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Robotic-Assisted Repair of a Morgagni Diaphragmatic Hernia Utilizing a Thoracic Approach

Wednesday, June 23, 2021


Jett GK, Tran A, Hafen L. Robotic-Assisted Repair of a Morgagni Diaphragmatic Hernia Utilizing a Thoracic Approach. June 2021. doi:10.25373/ctsnet.14829282

Morgagni hernia is a rare congenital diaphragmatic hernia comprising 2.6% of all diaphragmatic hernias (1). It is a defect between the costal and sternal attachments of the diaphragm muscle anteriorly and is most common on the right, but also can be found on the left or on both sides (2). Abdominal contents can herniate into the thoracic cavity.

Morgagni hernia can be asymptomatic and discovered as an incidental finding. Most frequent symptoms include pulmonary, chest, or abdominal pain and intestinal obstruction (3). Diagnosis can be made with computed tomography. Surgical treatment is indicated to avoid future complications (4).

Options for repair of the congenital defect include primary repair or placement of mesh. The repair is usually done by open thoracotomy or laparotomy (5). Laparoscopy has been recently shown to offer advantages of shorter length of stay, with a similar recurrence rate compared to the open approach (5). Thoracoscopic repair has also been performed (4).

Robotic assistance for repair of the Morgagni hernia has recently been described (6-8). Most commonly the transabdominal approach has been used (6, 7). Robotic-assisted transthoracic approach has recently been reported (8). The transthoracic approach offers the advantage of easier dissection of the hernia sac off the thoracic structures with reduced chance of iatrogenic injuries (2,3).

This video demonstrates robotic-assisted repair of a Morgagni diaphragmatic hernia using mesh through a thoracic approach. The patient was a 52-year-old woman who was found to have a Morgagni diaphragmatic hernia with incarcerated omentum during a sleeve gastrectomy 4 years earlier. Repair was not done transabdominally due to the proximity to the heart. During the intervening 4 years she had a 100 lb weight loss, but intermittent severe right anterior chest pain at the costal margin. CT scan demonstrated a 2 to 3 cm right anterior diaphragmatic hernia with incarcerated omentum consistent with a Morgagni diaphragmatic hernia. She underwent robotic-assisted repair with acellular mesh. The patient was discharged home on the 1st postoperative day. Follow-up demonstrated resolution of her chest pain.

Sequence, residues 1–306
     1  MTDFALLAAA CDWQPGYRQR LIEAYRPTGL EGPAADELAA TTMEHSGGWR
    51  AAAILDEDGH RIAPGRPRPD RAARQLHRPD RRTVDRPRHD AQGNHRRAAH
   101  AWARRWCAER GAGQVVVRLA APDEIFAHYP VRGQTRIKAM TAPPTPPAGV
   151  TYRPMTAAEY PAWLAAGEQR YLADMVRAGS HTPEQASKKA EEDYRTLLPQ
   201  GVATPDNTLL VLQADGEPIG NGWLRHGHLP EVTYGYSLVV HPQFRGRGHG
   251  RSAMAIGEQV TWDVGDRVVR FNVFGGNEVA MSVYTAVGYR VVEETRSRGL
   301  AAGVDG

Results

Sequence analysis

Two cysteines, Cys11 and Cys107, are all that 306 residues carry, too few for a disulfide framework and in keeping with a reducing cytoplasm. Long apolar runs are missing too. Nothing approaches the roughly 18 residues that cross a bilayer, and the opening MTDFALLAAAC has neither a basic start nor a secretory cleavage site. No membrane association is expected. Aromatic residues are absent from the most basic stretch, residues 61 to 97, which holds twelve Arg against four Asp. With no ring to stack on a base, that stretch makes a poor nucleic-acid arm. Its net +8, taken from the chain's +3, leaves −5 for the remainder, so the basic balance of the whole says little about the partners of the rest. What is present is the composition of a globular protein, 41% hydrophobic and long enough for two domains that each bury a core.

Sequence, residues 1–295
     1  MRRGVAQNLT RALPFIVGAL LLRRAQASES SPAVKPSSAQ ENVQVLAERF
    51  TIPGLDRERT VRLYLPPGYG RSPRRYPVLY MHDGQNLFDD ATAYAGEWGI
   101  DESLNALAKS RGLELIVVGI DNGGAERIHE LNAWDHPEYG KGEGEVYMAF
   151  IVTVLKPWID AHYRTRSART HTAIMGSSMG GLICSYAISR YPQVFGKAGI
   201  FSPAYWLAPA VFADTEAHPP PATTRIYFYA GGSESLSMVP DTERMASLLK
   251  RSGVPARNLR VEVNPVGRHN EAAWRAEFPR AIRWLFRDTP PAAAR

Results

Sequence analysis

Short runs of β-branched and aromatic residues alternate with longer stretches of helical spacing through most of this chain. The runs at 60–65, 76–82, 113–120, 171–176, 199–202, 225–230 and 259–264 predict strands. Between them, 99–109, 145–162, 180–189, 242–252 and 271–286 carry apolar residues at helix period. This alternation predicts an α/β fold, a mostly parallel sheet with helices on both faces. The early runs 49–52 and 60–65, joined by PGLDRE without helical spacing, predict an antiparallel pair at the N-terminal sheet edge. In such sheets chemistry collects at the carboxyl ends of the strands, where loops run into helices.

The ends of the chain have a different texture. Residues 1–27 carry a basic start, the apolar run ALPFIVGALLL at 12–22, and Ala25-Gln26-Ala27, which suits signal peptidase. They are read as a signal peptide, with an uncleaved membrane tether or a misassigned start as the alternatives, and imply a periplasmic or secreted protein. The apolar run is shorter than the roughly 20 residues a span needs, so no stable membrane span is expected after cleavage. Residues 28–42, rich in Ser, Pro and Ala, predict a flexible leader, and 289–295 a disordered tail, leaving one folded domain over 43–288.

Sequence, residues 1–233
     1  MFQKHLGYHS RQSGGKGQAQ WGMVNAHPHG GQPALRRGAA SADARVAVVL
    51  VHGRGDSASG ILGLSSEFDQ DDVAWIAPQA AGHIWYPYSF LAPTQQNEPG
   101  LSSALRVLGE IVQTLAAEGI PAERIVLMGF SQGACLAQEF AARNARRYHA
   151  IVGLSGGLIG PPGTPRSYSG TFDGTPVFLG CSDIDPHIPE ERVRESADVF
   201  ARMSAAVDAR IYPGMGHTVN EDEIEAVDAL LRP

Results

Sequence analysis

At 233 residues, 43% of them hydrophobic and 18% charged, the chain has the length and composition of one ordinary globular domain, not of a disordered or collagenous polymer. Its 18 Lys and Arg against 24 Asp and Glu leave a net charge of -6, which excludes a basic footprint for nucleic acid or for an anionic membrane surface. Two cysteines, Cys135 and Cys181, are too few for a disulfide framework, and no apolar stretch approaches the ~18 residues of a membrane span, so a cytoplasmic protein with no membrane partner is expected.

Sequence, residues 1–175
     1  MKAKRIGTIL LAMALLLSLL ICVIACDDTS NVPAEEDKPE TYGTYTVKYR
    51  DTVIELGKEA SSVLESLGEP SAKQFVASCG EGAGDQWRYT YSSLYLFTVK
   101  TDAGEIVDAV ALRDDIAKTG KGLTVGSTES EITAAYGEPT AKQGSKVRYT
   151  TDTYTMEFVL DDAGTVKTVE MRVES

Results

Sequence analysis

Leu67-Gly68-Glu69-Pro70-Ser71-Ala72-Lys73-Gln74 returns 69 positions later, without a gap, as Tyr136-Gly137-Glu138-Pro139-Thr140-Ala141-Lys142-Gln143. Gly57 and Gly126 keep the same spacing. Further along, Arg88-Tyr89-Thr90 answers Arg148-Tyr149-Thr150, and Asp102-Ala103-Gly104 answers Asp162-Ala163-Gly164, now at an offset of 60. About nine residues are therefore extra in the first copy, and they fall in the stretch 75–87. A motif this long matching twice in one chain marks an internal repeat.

The thoracic approach allows dissection and reduction of the hernia with safe mesh repair close to the heart. Robotic assistance offers improved vision and a more stable platform resulting in reduced pain, shortened length of hospital stay, and enhanced recovery.


  1. Saltzstein HC, Linkner LM, Scheinberg SR. Subcostosternal (Morgagni) diaphragmatic hernia: report of a case of hernia containing stomach, transverse colon, and omentum, with review of the literature. Arch Surg 1951; 63:750-65.
  2. Kilic E, Nadir A, Doner E, et al. Transthoracic approach in surgical management of Morgagni hernia. Eur J Cardiovasc Surg 2001; 20:1016-9.
  3. Horton JD, Hofman LJ, Hertz SP. Presentation and management Morgagni hernias in adults: A review of 298 cases. Surge Endosc 2008; 22:1413-20.
  4. Hussong RL Jr, Landreneau RJ, Cole FH Jr. Diagnosis and repair of a Morgagni hernia with video-assisted thoracic surgery. Ann Thorac Surg 1997; 63:1474-5
  5. Young MC, Saddoughi SA, Aho JM, et al. Comparison of laparoscopic versus open surgical management of Morgagni hernia. Ann Thorac Surg 2019; 107:257-61
  6. Wei B, Pittman BC. Robotic Morgagni hernia repair: an emerging approach to a congenital defect. J Robotic Surg 2019; 13: 309-313
  7. Krueger A, Reznik S. Repair of hernia of Morgagni. July 2020. doi:10.25373/ctsnet.12597104.
  8. Amore D, Bergaminelli C, Natale DD, et al. Morgagni hernia repair an adult obese patient by hybrid robotic thoracic surgery. J Thorac Dis 2018; 10:E555-E559.


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